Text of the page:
B. 1. 2. a. b. c. 1. 2.

d. e.

Only 3 to 4 percent of appeals are granted certiorari Others are left to lower courts; this results in a diversity of constitutional interpretation

V.
A. 1. 2. a. 1. 2. b. 1. 2. 3. a. b. c. d. B. 1. 2. 3.

Getting to court
Deterrents The Court rejects 95 percent of applications for certiorari Costs of appeal are high But these can be lowered by In forma pauperis: plaintiff heard as pauper, with costs paid by the government Payment by interest groups who have something to gain (American Civil Liberties Union) Each party must pay its own way except for cases in which it is decided That losing defendant will pay (fee shifting) Section 1983 suits Standing: guidelines Must be controversy between adversaries Personal harm must be demonstrated Being taxpayer not entitlement for suit Sovereign immunity Class action suits Brought on behalf of all similarly situated Financial incentives to bring suit Need to notify all members of the class since 1974 to limit such suits

VI.
A. 1. 2. 3. 4. B. 1. 2. C. 1. 2. 3.

The Supreme Court in action


Oral arguments by lawyers after briefs submitted Questions by justices cut down to thirty minutes Role of solicitor general Amicus curiae briefs Many sources of influence on justices, such as law journals Conference procedures Role of chief justice: speaking first, voting last Selection of opinion writer: concurring and dissenting opinions Strategic retirements from the U.S. Supreme Court There has been a sharp increase in the rate of retirements (contra deaths) Early duties were physically onerous, adverse to one's health More recently, retirements occur when justices and presidents share party identification The power to make policy By interpretation By extending reach of existing law By designing remedies Measures of power Number of laws declared unconstitutional (more than 120) Number of prior cases overturned; not following stare decisis Deference to the legislative branch (political questions)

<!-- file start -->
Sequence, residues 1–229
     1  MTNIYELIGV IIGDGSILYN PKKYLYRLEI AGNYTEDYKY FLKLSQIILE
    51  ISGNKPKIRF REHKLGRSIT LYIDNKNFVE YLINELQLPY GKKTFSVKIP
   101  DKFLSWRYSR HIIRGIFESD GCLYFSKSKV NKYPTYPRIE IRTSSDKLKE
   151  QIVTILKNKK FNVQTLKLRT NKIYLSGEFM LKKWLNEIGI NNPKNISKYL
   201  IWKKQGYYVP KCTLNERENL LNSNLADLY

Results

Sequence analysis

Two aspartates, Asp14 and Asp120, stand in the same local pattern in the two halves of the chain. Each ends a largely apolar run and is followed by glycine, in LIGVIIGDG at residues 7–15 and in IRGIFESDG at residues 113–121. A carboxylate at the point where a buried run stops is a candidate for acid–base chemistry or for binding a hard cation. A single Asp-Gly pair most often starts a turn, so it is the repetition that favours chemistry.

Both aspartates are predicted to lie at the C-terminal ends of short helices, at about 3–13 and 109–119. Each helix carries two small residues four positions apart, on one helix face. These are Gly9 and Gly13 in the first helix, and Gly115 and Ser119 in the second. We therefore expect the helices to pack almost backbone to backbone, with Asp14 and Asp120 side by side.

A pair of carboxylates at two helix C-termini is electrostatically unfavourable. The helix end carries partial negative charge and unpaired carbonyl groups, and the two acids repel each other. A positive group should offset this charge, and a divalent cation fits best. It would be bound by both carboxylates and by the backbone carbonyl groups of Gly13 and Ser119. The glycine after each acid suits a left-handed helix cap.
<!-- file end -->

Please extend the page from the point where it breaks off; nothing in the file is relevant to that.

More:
VII. The power of the federal courts


A. 1. 2. 3. B. 1. 2. 3.

4. 5. C. 1. a. b. 2. a. b. 3. a. b. D. 1. a. b. 2. 3. A. 1. 2. a. b. B. 1. 2. 3. 4. 5. C. 1. 2. 3. 4. D. 1. 2.

Kinds of remedies imposed; judges go beyond what justice requires Basis for sweeping orders from either the Constitution or the interpretation of federal laws Views of judicial activism Supporters Courts should correct injustices Courts are last resort Critics Judges lack expertise Courts not accountable; judges not elected Various reasons for activism Too many lawyers; but real cause adversary culture Easier to get standing in courts Legislation and courts Laws and the Constitution are filled with vague language Ambiguity gives courts opportunities to design remedies Courts can interpret language in different ways Federal government is increasingly on the defensive in court cases; laws induce litigation The attitudes of federal judges affect their decisions Judges are not immune to politics or public opinion Effects will vary from case to case Decisions can be ignored Examples: school prayer, segregated schools Usually if register is not highly visible Congress and the courts Confirmation and impeachment proceedings alter the composition of the courts Changing the number of judges Revising legislation declared unconstitutional Altering jurisdiction of the courts and restricting remedies Constitutional amendment Public opinion and the courts Defying public opinion, especially elite opinion, frontally is dangerous Opinion in realigning eras may energize court Public confidence in court since 1966 has varied Change caused by changes of personnel and what government is doing Reasons for increased activism Growth of government Activist ethos of judges

VIII. Checks on judicial power